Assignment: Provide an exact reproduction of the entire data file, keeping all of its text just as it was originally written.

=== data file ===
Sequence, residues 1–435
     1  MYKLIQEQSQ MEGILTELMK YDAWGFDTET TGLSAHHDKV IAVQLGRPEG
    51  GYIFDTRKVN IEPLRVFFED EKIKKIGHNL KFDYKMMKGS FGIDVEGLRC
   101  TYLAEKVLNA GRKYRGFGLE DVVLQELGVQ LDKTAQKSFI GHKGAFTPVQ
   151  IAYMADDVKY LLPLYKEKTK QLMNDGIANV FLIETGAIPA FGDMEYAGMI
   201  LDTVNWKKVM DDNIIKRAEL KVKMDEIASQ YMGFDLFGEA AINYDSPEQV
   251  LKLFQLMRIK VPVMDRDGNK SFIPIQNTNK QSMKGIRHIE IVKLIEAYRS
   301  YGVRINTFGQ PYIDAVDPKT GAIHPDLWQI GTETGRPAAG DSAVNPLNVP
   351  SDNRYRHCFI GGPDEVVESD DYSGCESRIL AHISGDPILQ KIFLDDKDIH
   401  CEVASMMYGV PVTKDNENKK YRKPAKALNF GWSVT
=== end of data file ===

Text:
Sequence, residues 1–435
     1  MYKLIQEQSQ MEGILTELMK YDAWGFDTET TGLSAHHDKV IAVQLGRPEG
    51  GYIFDTRKVN IEPLRVFFED EKIKKIGHNL KFDYKMMKGS FGIDVEGLRC
   101  TYLAEKVLNA GRKYRGFGLE DVVLQELGVQ LDKTAQKSFI GHKGAFTPVQ
   151  IAYMADDVKY LLPLYKEKTK QLMNDGIANV FLIETGAIPA FGDMEYAGMI
   201  LDTVNWKKVM DDNIIKRAEL KVKMDEIASQ YMGFDLFGEA AINYDSPEQV
   251  LKLFQLMRIK VPVMDRDGNK SFIPIQNTNK QSMKGIRHIE IVKLIEAYRS
   301  YGVRINTFGQ PYIDAVDPKT GAIHPDLWQI GTETGRPAAG DSAVNPLNVP
   351  SDNRYRHCFI GGPDEVVESD DYSGCESRIL AHISGDPILQ KIFLDDKDIH
   401  CEVASMMYGV PVTKDNENKK YRKPAKALNF GWSVT